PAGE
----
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The LLNA: a brief review of recent advances and limitations.
Anderson-SE; Siegel-PD; Meade-BJ
J Allergy 2011 Jan; 2011:424203
Allergic contact dermatitis is the second most commonly reported occupational illness, accounting for 10 percent to 15 percent of all occupational diseases. This highlights the importance of developing rapid and sensitive methods for hazard identification of chemical sensitizers. The murine local lymph node assay (LLNA) was developed and validated for the identification of low molecular weight sensitizing chemicals. It provides several benefits over other tests for sensitization because it provides a quantitative endpoint, dose-responsive data, and allows for prediction of potency. However, there are also several concerns with this assay including: levels of false positive responses, variability due to vehicle, and predictivity. This report serves as a concise review which briefly summarizes the progress, advances and limitations of the assay over the last decade.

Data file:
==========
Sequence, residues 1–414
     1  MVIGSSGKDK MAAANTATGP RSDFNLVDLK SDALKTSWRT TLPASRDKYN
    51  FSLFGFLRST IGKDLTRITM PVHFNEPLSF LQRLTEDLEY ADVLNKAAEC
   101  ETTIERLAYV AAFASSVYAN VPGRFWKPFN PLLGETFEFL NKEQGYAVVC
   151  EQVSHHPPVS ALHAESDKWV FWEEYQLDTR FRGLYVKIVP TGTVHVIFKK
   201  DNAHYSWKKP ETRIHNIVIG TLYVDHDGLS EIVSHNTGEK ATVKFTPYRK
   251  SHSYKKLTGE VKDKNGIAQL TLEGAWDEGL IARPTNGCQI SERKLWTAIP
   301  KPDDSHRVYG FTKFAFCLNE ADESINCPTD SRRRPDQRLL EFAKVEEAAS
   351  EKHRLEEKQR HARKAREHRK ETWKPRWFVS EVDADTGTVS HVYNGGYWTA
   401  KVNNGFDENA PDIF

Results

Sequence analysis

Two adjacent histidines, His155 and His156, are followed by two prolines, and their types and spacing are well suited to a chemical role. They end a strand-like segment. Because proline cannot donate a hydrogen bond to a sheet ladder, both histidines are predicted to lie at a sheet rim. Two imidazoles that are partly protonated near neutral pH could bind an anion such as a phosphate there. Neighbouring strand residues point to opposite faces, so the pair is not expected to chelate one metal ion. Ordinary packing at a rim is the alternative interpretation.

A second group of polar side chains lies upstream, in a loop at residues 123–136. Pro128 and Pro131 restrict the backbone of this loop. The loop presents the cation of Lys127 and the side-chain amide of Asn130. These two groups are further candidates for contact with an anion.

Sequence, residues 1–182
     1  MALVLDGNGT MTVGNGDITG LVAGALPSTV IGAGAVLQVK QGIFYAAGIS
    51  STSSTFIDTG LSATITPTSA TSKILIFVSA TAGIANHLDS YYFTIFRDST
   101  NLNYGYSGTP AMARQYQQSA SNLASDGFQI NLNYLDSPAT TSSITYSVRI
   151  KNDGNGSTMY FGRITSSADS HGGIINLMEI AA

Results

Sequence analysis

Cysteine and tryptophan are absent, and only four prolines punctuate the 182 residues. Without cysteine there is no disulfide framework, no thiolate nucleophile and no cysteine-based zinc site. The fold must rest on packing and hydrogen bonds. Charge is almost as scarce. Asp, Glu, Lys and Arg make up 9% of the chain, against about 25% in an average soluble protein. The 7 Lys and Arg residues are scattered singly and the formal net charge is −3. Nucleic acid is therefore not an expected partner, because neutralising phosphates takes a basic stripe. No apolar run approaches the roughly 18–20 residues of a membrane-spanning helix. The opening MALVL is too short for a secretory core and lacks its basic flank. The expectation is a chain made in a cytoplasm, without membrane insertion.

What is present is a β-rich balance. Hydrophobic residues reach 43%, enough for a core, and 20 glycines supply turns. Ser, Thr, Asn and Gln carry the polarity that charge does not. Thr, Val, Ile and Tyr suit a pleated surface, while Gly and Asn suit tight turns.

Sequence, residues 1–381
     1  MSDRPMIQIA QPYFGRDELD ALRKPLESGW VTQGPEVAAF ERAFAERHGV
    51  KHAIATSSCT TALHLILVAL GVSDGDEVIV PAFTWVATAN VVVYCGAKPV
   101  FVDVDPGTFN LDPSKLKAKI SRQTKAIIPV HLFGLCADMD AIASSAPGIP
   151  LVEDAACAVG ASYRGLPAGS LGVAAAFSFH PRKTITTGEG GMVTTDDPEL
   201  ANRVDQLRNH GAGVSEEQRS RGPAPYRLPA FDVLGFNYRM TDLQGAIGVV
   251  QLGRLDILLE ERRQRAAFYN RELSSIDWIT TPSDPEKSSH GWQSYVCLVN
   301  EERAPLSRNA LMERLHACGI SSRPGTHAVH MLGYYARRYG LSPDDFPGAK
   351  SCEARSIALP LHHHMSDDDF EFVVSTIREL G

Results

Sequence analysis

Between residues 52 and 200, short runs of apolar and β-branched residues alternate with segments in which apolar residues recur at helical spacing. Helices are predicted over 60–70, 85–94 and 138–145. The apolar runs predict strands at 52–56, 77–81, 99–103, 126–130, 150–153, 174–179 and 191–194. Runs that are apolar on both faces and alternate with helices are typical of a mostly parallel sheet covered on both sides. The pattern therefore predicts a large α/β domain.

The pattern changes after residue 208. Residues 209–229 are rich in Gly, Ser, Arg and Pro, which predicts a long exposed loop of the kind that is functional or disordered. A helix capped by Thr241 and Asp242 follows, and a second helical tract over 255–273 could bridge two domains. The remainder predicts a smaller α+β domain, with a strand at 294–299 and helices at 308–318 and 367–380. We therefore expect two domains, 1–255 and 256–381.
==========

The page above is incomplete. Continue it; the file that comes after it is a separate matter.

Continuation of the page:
Allergens; Allergic-dermatitis; Allergic-disorders; Allergic-reactions; Allergies; Dermatitis; Dermatosis; Skin-diseases; Skin-disorders; Skin-exposure; Skin-irritants; Skin-lesions; Sensitivity-testing; Medical-monitoring; Medical-screening; Bioassays; Chemical-hypersensitivity; Chemical-reactions; Lymph-nodes; Molecular-biology; Molecular-structure; Quantitative-analysis; Dose-response
Stacey E. Anderson, Health Effects Laboratory Division, National Institute for Occupational Safety and Health, 1095 Willowdale Drive, Morgantown, WV 26505
Journal of Allergy
Page last reviewed: September 2, 2020
Content source: National Institute for Occupational Safety and Health Education and Information Division